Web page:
Definition of Plot Twist
Plot twist is an unexpected development in a literary work or film. The term plot twist comprises a combination of two words, plot, which is an autonomous term with, twist, having separate meanings. Yet, it is not a compound word.
In literature, however, it means a technique that brings a seachange in the plot in a way that it entirely turns to the opposite direction from the expected direction that it seems to take.
Although such twists are quite common, sometimes a twist occurs just at the end of the story and takes a sharp turn. This is where it surprises the readers, causing an immediate response in the shape of fear, awe, happiness, or laughter. This new conflict, sometimes, just ends, while, at other times, it becomes quite linear. Some other techniques that support plot twists are flashbacks, cliffhangers, red herring, and reverse chronology.
Examples of Plot Twist in Literature
From Animal Farm by George Orwell
One day in early summer Squealer ordered the sheep to follow him, and led them out to a piece of waste ground at the other end of the farm, which had become overgrown with birch saplings. The sheep spent the whole day there browsing at the leaves under Squealer’s supervision. In the evening he returned to the farmhouse himself, but, as it was warm weather, told the sheep to stay where they were. It ended by their remaining there for a whole week, during which time the other animals saw nothing of them. Squealer was with them for the greater part of every day. He was, he said, teaching them to sing a new song, for which privacy was needed.
This passage occurs in Animal Farm by George Orwell. Although it seems a linear format of the story, the entry of Squealer at this point to train sheep for a new song seems a twist in the plot. Although it resolves quickly as the readers come to know that it is part of the game hatched by Squealer and his cohorts, yet it is a strong plot twist that sets the stage for a change in the story.
From The Jungle by Upton Sinclaire
—So spoke an orator upon the platform; and two thousand pairs of eyes were fixed upon him, and two thousand voices were cheering his every sentence. The orator had been the head of the city’s relief bureau in the stock yards, until the sight of misery and corruption had made him sick. He was young, hungry-looking, full of fire; and as he swung his long arms and beat up the crowd, to Jurgis he seemed the very spirit of the revolution. “Organize! Organize!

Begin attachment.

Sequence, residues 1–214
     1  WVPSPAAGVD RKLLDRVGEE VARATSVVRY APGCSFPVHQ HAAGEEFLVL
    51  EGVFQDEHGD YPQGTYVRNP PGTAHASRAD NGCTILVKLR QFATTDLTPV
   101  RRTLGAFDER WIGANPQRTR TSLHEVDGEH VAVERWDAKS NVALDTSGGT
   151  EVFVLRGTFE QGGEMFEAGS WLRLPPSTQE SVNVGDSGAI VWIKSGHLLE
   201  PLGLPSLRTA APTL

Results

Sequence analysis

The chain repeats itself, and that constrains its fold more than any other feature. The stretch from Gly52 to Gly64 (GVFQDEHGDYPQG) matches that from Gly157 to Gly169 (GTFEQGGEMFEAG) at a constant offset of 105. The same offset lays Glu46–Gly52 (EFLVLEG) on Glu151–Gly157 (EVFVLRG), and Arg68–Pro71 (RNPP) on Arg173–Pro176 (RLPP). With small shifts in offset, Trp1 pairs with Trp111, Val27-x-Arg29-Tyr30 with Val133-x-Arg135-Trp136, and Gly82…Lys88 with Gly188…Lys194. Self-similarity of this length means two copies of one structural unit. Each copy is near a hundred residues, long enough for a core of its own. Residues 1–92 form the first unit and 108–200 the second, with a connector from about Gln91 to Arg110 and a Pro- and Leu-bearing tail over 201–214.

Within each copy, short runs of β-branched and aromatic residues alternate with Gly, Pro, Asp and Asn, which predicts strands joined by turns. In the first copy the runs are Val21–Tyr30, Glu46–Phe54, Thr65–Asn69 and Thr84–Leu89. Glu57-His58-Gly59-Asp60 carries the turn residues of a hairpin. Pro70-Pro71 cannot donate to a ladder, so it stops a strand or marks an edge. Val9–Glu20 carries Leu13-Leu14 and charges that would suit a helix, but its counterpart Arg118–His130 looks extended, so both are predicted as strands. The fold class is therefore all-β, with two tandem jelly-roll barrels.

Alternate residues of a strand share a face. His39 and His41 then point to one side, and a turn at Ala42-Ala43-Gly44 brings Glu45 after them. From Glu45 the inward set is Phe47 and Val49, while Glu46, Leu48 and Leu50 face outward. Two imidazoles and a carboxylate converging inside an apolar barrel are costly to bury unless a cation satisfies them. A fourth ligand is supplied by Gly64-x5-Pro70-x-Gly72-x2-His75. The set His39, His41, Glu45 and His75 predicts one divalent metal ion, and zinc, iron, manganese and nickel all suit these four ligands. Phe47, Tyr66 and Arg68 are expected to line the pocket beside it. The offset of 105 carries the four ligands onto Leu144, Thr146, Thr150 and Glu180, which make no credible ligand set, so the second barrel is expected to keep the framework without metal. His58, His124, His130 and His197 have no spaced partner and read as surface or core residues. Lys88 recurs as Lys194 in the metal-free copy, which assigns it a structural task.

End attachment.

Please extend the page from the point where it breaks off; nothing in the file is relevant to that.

Organize!”—that was his cry. He was afraid of this tremendous vote, which his party had not expected, and which it had not earned.
This passage occurs at the end of The Jungle written by Upton Sinclaire. Here Jurgis has sensed that revolution is going to occur and the cry of “Organize” has taken the lead. Therefore, he is afraid that his party is unprepared for this tremendous response that he thinks is premature. This is a sudden plot twist at the end of the story.
From Frankenstein by Mary Shelley
His voice became fainter as he spoke, and at length, exhausted by his effort, he sank into silence. About half an hour afterwards he attempted again to speak but was unable; he pressed my hand feebly, and his eyes closed forever, while the irradiation of a gentle smile passed away from his lips. Margaret, what comment can I make on the untimely extinction of this glorious spirit? What can I say that will enable you to understand the depth of my sorrow? All that I should express would be inadequate and feeble. My tears flow; my mind is overshadowed by a cloud of disappointment. But I journey towards England, and I may there find consolation. I am interrupted. What do these sounds portend? It is midnight; the breeze blows fairly, and the watch on deck scarcely stir. Again there is a sound as of a human voice, but hoarser; it comes from the cabin where the remains of Frankenstein still lie. I must arise and examine. Good night, my sister.
This passage occurs at the end of the novel. Here Victor is, again, writing a letter to his sister, Margaret about the misfortunes interspersed with occasional questions and his own inadequacy to deal with the situation. Here his good night to his sister is ominous and a sudden twist in the linear story that seems to announce his death obliquely. This is a very good plot twist in the novel.
From Hard Times by Charles Dickens
It is a dangerous thing to see anything in the sphere of a vain blusterer, before the vain blusterer sees it himself. Mr. Bounderby felt that Mrs. Sparsit had audaciously anticipated him, and presumed to be wiser than he. Inappeasably indignant with her for her triumphant discovery of Mrs. Pegler, he turned this presumption, on the part of a woman in her dependent position, over and over in his mind, until it accumulated with turning like a great snowball. At last, he made the discovery that to discharge this highly connected female – to have it in his power to say, ‘She was a woman of family, and wanted to stick to me, but I wouldn’t have it, and got rid of her’ – would be to get the utmost possible amount of crowning glory out of the connection, and at the same time to punish Mrs. Sparsit according to her deserts.
This passage occurs at the end of Hard Times when Mr. Bounderby faces the situation in reverse when he thinks that he must punish Mrs. Sparsit quite contrary to his own notion about her. This is a sudden twist in the plot at the end that Mr. Bounderby has turned his position toward a female character.
Functions of Plot Twist
A plot twist not only surprises the readers but also makes them believe in things that the authors want to convey. A plot twist makes the story believable and entertains the readers so that they could desire more. Writers use plot twists to convey their messages effectively by abruptly ending the story with a twist.